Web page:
There is debate, however, over the validity of these claims in the milk we actually drink. Mr. Robert Byrne of the International Dairy Foods Association has stated that there is no strong evidence that light in a dairy case affects most vitamins in milk and concludes that pigmenting is largely a marketing tool [2,3]. Modern Plastics magazine reports that "[t]he common thread is that each jug design reflects a push by dairies to distinguish their packaging so as to boost flagging milk sales."[4] Solvay Polymers, the major supplier of resin for the dairy industry, states "in practical experience in the production, distribution and consumer cycle, [vitamin A and B2] losses are negligible" and adds that due to added molding difficulties it "does not recommend in-plant container pigmenting until all other alternatives have been fully explored."[4] Plastics in the Environment magazine also reports that while "[p]rotection of flavour and vitamins from light degradation are the reasons generally cited for the design changes[, m]ost market analysts believe that this issue is a red herring and that opaque bottles are essentially a marketing ploy."[4a]

The purpose of this research paper is to, first, evaluate the claims of recyclers that pigmented milk bottles will adversely affect the economics of plastics recycling; and second, evaluate the claim that plastic milk bottles need to be pigmented in order to protect the product from damage by light in the field. This paper also explores alternative measures that might meet the needs of both parties.

Impacts from Pigmenting Plastic Milk Bottles on the Recycling Industry

Recyclers' are concerned because unpigmented jugs, which are the majority of recovered HDPE bottles, command a far higher price from end markets. Therefore, if the entire or substantial part of the dairy industry were to convert their currently unpigmented plastic milk bottles to pigmented bottles, recyclers would lose a significant portion of their revenues. In addition to the difference in revenues, there is the related issue of minimum volumes and economies of scale. Handling costs can easily eat up the small margins that exist in the scrap industry. Thus, shifting material from the high volume unpigmented stream to small different colored streams builds inefficiencies in sorting, baling and shipping that add up. Are these losses a major concern?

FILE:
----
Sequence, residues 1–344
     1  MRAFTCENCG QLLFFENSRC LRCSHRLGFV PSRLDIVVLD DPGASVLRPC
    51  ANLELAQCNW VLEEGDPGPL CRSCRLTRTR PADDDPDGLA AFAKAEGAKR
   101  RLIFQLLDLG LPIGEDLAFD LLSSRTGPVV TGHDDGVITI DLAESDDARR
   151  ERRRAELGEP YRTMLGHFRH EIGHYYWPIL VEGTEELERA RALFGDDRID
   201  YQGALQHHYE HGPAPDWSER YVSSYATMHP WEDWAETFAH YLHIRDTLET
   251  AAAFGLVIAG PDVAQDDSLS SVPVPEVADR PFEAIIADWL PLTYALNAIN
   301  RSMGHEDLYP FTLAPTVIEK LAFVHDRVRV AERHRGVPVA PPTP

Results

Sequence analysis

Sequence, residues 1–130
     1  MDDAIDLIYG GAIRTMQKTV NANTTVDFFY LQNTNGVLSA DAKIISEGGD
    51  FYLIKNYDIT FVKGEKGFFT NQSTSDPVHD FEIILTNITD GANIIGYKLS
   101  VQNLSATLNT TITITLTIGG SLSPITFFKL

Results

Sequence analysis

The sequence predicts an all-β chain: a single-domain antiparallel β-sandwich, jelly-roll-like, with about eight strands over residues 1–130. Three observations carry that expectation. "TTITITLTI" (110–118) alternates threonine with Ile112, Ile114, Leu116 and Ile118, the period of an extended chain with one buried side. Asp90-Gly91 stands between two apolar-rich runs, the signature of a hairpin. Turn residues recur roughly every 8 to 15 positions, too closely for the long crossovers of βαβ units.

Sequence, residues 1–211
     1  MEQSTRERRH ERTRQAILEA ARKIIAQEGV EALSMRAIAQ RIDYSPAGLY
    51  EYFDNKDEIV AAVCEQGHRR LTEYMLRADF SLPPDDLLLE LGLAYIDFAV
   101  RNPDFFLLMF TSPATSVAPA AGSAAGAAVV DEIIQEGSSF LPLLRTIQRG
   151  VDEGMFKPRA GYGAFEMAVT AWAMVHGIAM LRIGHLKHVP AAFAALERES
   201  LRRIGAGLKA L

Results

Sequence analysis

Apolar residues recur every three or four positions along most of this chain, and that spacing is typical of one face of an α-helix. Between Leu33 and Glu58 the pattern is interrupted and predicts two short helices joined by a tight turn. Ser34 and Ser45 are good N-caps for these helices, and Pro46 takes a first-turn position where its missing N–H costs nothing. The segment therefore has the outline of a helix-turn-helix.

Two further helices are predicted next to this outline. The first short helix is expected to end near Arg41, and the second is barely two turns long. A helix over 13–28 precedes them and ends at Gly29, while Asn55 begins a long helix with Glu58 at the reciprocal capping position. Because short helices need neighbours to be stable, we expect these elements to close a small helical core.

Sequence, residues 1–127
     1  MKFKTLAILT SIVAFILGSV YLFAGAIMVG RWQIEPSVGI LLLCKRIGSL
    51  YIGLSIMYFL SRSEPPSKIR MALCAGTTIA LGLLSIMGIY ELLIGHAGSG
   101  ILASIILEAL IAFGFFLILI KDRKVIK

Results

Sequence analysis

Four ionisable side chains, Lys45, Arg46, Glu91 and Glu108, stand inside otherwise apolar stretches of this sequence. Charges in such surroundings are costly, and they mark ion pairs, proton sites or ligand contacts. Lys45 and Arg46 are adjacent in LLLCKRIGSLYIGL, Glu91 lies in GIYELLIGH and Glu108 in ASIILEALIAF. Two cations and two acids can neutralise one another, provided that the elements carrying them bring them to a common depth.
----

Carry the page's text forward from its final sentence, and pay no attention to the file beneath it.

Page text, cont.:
Plastic reclaimers typically make a profit when resin prices are high, but too often lose money when commodity resin prices are depressed. Because few reclaimers are large entities with substantial diversified resources to weather downturns, the present economics of plastics recycling are tenuous. They feel that the direction of future changes in plastics packaging needs to be towards simpler bottles with higher resale value to insure the survival of plastics recycling. Of course, any losses incurred by the intermediate processors will be passed back to the communities which collect plastic milk jugs.

The nature of their concern should be made clear. It is not that pigmented milk bottles are not recyclable: with one exception, they most certainly are -- technically. Rather, eliminating high-value unpigmented bottles from the recycling stream is said to significantly undermine the economics of plastics recycling over the long term. As reported in the Wall Street Journal, "[t]he problem for community recyclers